- Last week, 54 new final regulations were published in the Federal Register. This is up from 52 new final rules the previous week.
- That’s the equivalent of a new regulation precisely every 3 hours and 7 minutes — 24 hours a day, 7 days a week.
- All in all, 134 final rules have been published in the Federal Register this year.
- If this keeps up, the total tally for 2013 will be 2,717 new final rules.
- Last week, 1,676 new pages were added to the 2013 Federal Register, for a total of 4,286 pages.
- At its current pace, the 2013 Federal Register will run 82,424 pages.
- Rules are called “economically significant” if they have costs of $100 million or more in a given year. Two such rules were published last week, for a total 3 so far in 2013.
- The total compliance costs of this year’s economically significant regulations ranges from $811 million to $2.75 billion.
- So far, 11 final rules that meet the broader definition of “significant” have been published in 2013.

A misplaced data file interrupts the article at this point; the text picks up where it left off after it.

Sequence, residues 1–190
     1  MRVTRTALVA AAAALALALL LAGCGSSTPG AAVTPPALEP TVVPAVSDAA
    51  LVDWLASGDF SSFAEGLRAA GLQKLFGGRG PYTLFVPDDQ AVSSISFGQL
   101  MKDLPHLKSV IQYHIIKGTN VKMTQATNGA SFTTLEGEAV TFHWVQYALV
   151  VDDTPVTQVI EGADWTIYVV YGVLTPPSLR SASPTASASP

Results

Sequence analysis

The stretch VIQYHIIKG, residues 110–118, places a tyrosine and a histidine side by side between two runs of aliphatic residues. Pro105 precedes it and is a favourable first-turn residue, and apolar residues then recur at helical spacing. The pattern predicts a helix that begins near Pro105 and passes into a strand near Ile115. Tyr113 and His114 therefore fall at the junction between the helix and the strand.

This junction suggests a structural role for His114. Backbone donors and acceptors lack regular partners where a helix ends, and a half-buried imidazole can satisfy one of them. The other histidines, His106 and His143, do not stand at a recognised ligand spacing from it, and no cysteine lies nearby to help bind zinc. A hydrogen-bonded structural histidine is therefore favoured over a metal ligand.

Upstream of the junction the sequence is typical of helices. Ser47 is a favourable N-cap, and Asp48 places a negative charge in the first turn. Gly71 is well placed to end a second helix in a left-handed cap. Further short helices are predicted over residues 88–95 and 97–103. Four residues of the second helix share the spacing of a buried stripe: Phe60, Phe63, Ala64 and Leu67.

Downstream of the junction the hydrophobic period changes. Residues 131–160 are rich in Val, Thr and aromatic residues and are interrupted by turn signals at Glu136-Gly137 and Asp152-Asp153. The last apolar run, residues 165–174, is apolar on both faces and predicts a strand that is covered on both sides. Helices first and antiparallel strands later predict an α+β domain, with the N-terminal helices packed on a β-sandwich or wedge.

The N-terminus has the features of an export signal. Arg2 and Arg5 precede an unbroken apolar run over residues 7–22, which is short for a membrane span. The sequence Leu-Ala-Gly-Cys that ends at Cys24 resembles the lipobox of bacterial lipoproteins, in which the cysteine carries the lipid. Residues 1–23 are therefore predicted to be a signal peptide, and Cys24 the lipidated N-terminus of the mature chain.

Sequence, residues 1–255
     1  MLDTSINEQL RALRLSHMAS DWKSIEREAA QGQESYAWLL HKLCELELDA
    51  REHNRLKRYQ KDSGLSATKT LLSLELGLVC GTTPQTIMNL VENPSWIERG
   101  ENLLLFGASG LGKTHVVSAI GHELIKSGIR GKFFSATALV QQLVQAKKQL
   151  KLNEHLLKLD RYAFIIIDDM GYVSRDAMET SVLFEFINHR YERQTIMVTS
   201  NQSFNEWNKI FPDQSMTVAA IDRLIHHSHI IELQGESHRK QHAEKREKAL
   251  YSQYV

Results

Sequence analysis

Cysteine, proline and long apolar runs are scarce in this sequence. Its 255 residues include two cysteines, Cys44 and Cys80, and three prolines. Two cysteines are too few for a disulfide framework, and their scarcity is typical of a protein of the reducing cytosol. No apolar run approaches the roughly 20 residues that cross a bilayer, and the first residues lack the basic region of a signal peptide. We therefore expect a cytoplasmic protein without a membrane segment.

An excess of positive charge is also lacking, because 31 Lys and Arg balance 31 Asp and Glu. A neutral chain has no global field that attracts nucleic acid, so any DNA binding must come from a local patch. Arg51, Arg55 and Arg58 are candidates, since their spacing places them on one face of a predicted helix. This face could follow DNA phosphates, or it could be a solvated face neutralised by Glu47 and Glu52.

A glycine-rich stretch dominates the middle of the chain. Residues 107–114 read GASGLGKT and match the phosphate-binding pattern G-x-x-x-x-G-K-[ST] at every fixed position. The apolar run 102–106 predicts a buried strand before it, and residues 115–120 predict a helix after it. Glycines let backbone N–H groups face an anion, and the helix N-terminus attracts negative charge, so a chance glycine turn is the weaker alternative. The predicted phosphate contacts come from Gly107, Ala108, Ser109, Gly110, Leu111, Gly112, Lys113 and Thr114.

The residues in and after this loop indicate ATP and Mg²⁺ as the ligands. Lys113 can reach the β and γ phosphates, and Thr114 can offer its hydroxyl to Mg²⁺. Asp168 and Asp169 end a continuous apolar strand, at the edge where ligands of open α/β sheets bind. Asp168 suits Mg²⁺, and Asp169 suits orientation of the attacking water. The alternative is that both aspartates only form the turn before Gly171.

- So far this year, 29 final rules affect small business; one of them is a significant rule.
Highlights from final rules published last week:
- One of last week’s economically significant rules comes from the EPA. It sets air quality standards for particulate matter. Depending on how strict the standard is set and what methodology one uses, the rule’s cost in the year 2020 could be as little as $11 million, or as high as $1.7 billion. The fact that the given range is more than a hundredfold says much about the precision of regulatory cost estimates.
- The other economically significant rule comes from the Patent and Trademark Office. It is adjusting the fees it charges patent applicants, and is working to shorten the patent-issuing process. It estimates the cost of this rule to be $800 million.
- The Energy Department has issued new testing procedures for microwave oven energy efficiency.
- The prolific FAA issued nine final rules this week, making for 32 on the year as of January 18.
- HUD published new standards for roof trusses in manufactured homes.
For more data, go to TenThousandCommandments.com.